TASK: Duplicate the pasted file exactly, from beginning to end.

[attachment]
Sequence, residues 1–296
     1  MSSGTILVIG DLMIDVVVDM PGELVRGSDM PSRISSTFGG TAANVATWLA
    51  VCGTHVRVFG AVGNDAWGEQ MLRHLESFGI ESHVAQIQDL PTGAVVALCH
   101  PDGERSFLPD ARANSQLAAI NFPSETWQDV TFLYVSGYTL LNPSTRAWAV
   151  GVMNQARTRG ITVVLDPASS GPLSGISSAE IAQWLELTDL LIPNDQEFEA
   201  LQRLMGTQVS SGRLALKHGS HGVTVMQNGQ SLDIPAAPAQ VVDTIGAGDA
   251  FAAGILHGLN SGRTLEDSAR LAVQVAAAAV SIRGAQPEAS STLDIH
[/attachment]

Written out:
Sequence, residues 1–296
     1  MSSGTILVIG DLMIDVVVDM PGELVRGSDM PSRISSTFGG TAANVATWLA
    51  VCGTHVRVFG AVGNDAWGEQ MLRHLESFGI ESHVAQIQDL PTGAVVALCH
   101  PDGERSFLPD ARANSQLAAI NFPSETWQDV TFLYVSGYTL LNPSTRAWAV
   151  GVMNQARTRG ITVVLDPASS GPLSGISSAE IAQWLELTDL LIPNDQEFEA
   201  LQRLMGTQVS SGRLALKHGS HGVTVMQNGQ SLDIPAAPAQ VVDTIGAGDA
   251  FAAGILHGLN SGRTLEDSAR LAVQVAAAAV SIRGAQPEAS STLDIH